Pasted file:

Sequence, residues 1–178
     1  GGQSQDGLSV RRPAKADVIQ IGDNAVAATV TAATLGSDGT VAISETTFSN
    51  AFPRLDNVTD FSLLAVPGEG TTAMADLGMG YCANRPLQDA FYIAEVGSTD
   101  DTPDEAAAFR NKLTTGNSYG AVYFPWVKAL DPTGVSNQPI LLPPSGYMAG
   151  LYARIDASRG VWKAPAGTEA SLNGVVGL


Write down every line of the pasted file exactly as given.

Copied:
Sequence, residues 1–178
     1  GGQSQDGLSV RRPAKADVIQ IGDNAVAATV TAATLGSDGT VAISETTFSN
    51  AFPRLDNVTD FSLLAVPGEG TTAMADLGMG YCANRPLQDA FYIAEVGSTD
   101  DTPDEAAAFR NKLTTGNSYG AVYFPWVKAL DPTGVSNQPI LLPPSGYMAG
   151  LYARIDASRG VWKAPAGTEA SLNGVVGL